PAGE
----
Opportunism & Deception

One example of what critics call the political opportunism of the Newmanites and the New Alliance Party is their continuing effort to imply a connection with Rev. Jesse Jackson and the Rainbow Coalition. For instance the Newmanites have established in Washington, D.C. the "Rainbow Lobby" billed as "The Lobbying Office of the Rainbow Alliance." The Rainbow Lobby has offices at 236 Massachusetts Avenue, N.E., and lists Nancy Ross as Executive Director and Tamara Weinstein as Assistant Director.

The Rainbow Lobby office has been frequently mistaken for the Washington office of Jesse Jackson's Rainbow Coalition, a mistake that in the past, NAP leadership seems to have gone out of its way not to clarify. Newspaper articles have appeared about NAP's Rainbow Lobby in which throughout, the reporter assumes the Rainbow Lobby represents Jackson and the Rainbow Coalition--a circumstance NAP leadership could have easily avoided by explaining upfront that the two groups are unrelated.

Jackson has had to publicly distance himself and the Rainbow Coalition from NAP and its Rainbow Alliance and Rainbow Lobby on several occasions. Most recently Jackson told <Chicago Sun-Times> reporter Basil Talbot that "we have no relationship at all."

In the June 21, 1985 issue of the <National Alliance>, an article on the Rainbow Alliance shows how artfully the question of a relationship has been dodged in the past: "Hostile critics and curious allies are forever saying to Nancy Ross, `Does Jesse Jackson support what you're doing?'"

"Ross, who heads the Washington office of the Rainbow Alliance Confederation's lobbying arm, has learned how to respond to such inquiries." "`The point is not whether Jesse Jackson supports me, but whether I support Jesse Jackson,' says Ross, a founder of the sixyear-old independent New Alliance Party, and candidate for Jackson delegate in Harlem in 1984. `And I support Jesse completely because of the social vision he has articulated on behalf of the Rainbow movement. Yes, I have real differences with Jesse--he thinks independent politics is "prophetic" whereas I believe its time has come right now--but I won't allow anyone to sever the historic ties between Jesse and myself, because I am committed to see that his vision of a just society be brought about today.'"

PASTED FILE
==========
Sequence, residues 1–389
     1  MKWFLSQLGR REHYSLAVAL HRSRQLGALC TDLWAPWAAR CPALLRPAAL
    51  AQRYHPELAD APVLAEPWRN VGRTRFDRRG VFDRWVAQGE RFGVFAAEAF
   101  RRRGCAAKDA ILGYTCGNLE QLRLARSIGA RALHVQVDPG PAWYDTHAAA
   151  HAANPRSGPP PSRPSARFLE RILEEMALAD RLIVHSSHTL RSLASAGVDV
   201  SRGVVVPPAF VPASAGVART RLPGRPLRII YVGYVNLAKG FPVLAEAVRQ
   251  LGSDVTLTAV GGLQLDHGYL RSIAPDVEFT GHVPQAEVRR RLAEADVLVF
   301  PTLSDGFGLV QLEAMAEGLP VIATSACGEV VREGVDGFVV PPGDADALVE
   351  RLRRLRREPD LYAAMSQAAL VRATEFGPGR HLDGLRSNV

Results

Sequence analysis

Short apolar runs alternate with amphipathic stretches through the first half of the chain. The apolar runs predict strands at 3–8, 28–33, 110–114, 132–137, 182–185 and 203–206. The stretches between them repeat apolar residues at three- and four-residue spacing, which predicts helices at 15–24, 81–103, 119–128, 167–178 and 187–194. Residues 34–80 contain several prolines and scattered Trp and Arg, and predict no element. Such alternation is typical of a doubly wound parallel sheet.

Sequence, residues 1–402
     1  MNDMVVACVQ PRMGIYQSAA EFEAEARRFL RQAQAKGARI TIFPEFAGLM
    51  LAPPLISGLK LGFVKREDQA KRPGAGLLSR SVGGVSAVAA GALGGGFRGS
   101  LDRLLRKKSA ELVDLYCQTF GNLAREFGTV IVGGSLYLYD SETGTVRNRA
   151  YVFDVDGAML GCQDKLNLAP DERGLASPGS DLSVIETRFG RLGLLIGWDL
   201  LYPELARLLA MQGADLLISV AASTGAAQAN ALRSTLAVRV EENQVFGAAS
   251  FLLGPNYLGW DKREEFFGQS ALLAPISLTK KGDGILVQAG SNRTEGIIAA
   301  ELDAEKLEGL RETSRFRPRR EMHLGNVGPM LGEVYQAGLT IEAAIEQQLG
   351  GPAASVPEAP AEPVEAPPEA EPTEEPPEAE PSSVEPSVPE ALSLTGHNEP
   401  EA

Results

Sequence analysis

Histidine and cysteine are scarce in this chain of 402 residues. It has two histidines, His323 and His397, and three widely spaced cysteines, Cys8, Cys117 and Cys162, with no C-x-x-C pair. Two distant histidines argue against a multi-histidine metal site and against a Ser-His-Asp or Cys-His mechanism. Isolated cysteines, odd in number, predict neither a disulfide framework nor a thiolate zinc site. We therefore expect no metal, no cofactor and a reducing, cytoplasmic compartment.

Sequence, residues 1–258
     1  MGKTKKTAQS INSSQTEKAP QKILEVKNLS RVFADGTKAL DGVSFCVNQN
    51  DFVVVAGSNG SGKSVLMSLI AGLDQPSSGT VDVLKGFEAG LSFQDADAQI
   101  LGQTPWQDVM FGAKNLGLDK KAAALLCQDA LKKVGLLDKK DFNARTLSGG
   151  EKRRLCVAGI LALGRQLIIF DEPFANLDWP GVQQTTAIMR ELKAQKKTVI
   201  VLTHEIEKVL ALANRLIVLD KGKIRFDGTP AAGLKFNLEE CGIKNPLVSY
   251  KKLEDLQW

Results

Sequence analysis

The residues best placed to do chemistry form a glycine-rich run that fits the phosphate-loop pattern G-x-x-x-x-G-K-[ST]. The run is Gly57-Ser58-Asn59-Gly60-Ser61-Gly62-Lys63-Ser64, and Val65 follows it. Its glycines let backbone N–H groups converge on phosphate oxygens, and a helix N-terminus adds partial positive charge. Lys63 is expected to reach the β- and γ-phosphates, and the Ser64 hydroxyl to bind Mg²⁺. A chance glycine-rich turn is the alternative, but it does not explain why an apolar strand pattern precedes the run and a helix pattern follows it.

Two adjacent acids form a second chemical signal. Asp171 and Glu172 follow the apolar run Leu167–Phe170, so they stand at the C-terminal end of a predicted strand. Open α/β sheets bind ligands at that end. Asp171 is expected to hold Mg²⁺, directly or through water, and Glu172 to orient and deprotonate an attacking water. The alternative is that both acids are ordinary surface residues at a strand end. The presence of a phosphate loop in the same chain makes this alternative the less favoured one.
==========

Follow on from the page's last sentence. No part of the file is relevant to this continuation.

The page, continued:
While admittedly clever, the above explanation is essentially a dishonest misrepresentation of the facts, designed to confuse the issue and suggest a connection where none exists. The confusion over support from Jesse Jackson and the Rainbow Coalition is exacerbated by how the New Alliance Party describes itself. The February 13, 1987 edition of the <National Alliance> newspaper contained a centerfold spread with the multi-color slogan "The Real Rainbow" spanning the two pages. A letter on New Alliance Party stationery to gay activists on the west coast had the slogan "The Party of the Rainbow." A petition calling for an independent Black Presidential campaign was titled "An Open Letter To Reverend Jesse Jackson."

Ironically, in a 1983 issue of the Newmanite theoretical journal <Practice>, Newman attacked Jesse Jackson and Jackson's progressive supporters in strong terms:

"The U.S. ultra-Left has traditionally suffered very badly from a mental disorder perhaps best identified as premature vanguardulation. There has, over the past few years, been a positive attempt by some to rectify this problem (called by some friendly left critics `wrecktification') which, however, has dealt mainly with the symptoms of the disease by essentially helping the `client' to feel more comfortable masturbating. Hence, some of the rectified ultra-left--for example supporters of `Jesse Jackson, Democrat'--are smilingly convincing themselves these days that it is alright to unite with Jackson's `progressive aspects'. Many have raised questions as to which part of Jackson's political anatomy embodies his `progressive aspects.' "

At the end of 1987 the <National Alliance> newspaper column by Rainbow Lobby Executive Director Nancy Ross began to include a disclaimer which reads:

"The Rainbow Lobby is an independent citizens' lobby based in Washington, D.C. which supports important legislation that affects civil, human, voting and democratic rights at home and abroad. For more information on the Lobby, please contact Nancy Ross at 236 Massachusetts Ave., N.E., Suite 409, Washington, D.C. 20002 (202) 543-8324."